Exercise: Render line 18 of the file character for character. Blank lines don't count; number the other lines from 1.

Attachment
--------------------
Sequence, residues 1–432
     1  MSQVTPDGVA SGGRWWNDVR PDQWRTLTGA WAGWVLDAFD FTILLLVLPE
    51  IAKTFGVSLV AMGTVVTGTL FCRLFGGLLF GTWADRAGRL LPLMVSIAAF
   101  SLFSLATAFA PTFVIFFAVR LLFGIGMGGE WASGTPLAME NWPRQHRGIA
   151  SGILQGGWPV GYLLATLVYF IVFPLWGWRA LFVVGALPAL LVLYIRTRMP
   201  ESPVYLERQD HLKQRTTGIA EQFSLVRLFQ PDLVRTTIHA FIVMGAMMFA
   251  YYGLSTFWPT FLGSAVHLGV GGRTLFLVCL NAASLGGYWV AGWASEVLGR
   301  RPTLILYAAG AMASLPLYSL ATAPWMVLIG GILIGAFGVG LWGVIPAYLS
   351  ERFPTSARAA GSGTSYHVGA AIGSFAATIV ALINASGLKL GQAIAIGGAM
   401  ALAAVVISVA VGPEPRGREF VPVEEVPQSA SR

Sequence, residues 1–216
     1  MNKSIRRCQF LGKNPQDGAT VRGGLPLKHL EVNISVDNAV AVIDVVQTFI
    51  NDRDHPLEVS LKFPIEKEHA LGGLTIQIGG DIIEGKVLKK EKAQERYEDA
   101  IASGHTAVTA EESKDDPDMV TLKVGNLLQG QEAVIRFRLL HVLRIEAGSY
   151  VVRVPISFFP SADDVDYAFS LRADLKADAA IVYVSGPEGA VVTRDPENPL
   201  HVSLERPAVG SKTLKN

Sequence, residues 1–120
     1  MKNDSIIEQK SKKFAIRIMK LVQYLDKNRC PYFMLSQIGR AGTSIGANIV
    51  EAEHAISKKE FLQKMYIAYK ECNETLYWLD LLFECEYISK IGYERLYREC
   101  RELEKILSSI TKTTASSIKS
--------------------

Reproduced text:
     1  MKNDSIIEQK SKKFAIRIMK LVQYLDKNRC PYFMLSQIGR AGTSIGANIV